Critics

In the Soviet Union, the school of Vygotsky and, specifically, his cultural-historical psychology was much criticized during his lifetime as well as after his death. By the beginning of the 1930s, the school was defeated in Soviet academic and political circles by Vygotsky’s “scientific” opponents who criticized him for “idealist aberrations”, which at that time equaled with the charge in disloyalty to the Communist Party (and, particularly during the Stalin era, frequently entailed serious consequences not only for academic work but also in terms of potential prosecution, detention, and/or execution). As a result of this criticism of their work, a major group of Vygotsky’s students including Luria and Leontiev had to flee from Moscow to Ukraine where they established the Kharkov school of psychology. Later, the representatives of the school would, in turn, in the second half of the 1930s criticize Vygotsky himself for his interest in the cross-disciplinary study of the child that was developed under the umbrella term of paedology (also spelled as pedology) as well as for his ignoring the role of practice and practical, object-bound activity and arguably his emphasis on the research on the role of language and, on the other hand, emotional factors in human development. Much of this early criticism of the 1930s was later discarded by these Vygotskian scholars themselves. Another line of the critique of Vygotsky’s psychological theory comes from such major figures of the Soviet psychology as Sergei Rubinstein and his followers who criticized Vygotsky’s notion of mediation and its development in the works of students.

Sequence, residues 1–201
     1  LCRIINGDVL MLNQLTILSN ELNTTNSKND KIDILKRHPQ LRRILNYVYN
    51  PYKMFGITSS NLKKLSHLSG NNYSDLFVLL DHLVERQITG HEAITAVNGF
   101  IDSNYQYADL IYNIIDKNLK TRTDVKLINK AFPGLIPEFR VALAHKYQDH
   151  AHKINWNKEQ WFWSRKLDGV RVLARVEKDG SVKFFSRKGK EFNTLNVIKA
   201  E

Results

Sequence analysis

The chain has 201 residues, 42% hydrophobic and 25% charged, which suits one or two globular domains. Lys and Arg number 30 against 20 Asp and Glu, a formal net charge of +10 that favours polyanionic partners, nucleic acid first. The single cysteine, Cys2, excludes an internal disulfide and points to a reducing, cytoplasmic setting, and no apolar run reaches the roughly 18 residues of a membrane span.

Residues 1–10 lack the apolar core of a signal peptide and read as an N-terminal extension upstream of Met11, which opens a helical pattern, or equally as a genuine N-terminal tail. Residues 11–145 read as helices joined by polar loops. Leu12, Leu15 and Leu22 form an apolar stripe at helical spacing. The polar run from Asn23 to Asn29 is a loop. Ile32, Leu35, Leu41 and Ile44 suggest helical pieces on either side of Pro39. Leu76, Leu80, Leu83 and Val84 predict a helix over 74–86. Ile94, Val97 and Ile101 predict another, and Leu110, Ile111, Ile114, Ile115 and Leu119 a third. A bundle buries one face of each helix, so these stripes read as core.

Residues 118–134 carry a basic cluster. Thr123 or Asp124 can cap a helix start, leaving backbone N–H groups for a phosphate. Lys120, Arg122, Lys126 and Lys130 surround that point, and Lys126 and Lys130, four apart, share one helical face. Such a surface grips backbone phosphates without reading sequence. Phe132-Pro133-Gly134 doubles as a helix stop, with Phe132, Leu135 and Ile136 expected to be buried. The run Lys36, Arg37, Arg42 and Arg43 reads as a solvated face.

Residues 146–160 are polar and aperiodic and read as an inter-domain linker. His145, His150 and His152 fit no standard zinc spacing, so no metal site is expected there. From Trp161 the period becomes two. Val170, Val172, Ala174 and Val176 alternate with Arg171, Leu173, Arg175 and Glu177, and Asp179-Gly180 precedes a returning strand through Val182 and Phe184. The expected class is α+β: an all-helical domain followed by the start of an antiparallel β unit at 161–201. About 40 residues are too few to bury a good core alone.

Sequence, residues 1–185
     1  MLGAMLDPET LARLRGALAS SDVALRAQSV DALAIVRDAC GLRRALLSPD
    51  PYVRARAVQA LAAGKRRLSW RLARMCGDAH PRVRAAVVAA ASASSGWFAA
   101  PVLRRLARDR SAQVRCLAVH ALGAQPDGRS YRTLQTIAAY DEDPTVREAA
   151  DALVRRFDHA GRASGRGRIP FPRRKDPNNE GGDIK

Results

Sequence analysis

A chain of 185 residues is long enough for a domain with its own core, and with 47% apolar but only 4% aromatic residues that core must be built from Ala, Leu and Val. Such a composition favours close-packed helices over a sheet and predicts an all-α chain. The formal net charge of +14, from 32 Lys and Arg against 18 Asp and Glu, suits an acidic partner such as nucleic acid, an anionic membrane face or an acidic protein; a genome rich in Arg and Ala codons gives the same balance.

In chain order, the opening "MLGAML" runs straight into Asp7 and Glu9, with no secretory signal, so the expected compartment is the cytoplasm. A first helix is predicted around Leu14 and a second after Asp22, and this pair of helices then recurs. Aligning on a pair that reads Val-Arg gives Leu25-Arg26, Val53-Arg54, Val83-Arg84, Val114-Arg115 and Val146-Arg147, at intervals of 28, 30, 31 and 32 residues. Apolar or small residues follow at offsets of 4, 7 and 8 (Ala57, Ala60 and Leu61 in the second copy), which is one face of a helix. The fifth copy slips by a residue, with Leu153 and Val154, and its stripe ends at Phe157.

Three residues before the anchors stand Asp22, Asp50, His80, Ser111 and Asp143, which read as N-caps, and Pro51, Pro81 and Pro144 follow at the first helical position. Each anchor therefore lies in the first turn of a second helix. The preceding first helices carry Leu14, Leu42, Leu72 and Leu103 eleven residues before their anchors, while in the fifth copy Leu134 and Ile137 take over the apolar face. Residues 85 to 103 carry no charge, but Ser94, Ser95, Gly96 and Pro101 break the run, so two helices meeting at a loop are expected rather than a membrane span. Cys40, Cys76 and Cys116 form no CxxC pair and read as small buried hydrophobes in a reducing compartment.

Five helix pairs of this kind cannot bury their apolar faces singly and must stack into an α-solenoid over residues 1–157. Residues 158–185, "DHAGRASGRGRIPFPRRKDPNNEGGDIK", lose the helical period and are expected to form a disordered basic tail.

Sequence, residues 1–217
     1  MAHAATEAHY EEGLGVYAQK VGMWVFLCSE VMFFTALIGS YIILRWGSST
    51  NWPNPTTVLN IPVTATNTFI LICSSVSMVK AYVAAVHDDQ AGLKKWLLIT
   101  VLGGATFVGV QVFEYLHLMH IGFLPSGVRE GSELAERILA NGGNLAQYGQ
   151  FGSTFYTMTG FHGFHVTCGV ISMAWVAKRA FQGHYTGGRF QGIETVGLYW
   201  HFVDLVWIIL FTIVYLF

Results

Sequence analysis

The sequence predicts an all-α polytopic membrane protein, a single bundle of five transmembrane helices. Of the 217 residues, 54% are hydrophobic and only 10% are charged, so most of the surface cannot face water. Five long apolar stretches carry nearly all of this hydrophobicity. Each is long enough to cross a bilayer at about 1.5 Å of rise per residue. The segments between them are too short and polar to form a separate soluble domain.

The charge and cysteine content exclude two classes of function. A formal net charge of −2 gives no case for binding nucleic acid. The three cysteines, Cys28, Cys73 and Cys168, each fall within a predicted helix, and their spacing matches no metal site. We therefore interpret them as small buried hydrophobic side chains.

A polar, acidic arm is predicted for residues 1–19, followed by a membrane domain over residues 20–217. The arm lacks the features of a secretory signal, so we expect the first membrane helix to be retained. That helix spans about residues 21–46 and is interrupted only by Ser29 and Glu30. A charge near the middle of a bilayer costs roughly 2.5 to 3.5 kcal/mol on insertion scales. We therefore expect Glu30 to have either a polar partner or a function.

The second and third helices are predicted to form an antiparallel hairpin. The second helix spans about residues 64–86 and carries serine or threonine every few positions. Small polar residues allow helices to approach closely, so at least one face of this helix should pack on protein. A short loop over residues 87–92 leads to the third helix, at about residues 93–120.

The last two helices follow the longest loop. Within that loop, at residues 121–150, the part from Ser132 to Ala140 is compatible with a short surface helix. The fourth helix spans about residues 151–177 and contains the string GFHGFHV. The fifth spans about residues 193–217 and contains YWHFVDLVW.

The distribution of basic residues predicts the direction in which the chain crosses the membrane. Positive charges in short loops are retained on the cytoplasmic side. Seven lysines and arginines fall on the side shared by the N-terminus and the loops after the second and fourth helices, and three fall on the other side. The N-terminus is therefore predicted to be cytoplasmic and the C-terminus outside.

Some critics say Vygotsky overemphasized the role of language in thinking. Also, his emphasis on collaboration and guidance has potential pitfalls if facilitators are too helpful in some cases. An example of that would be an overbearing and controlling parent. Other critics argue that some children may become lazy and expect help when they can do something on their own.[3]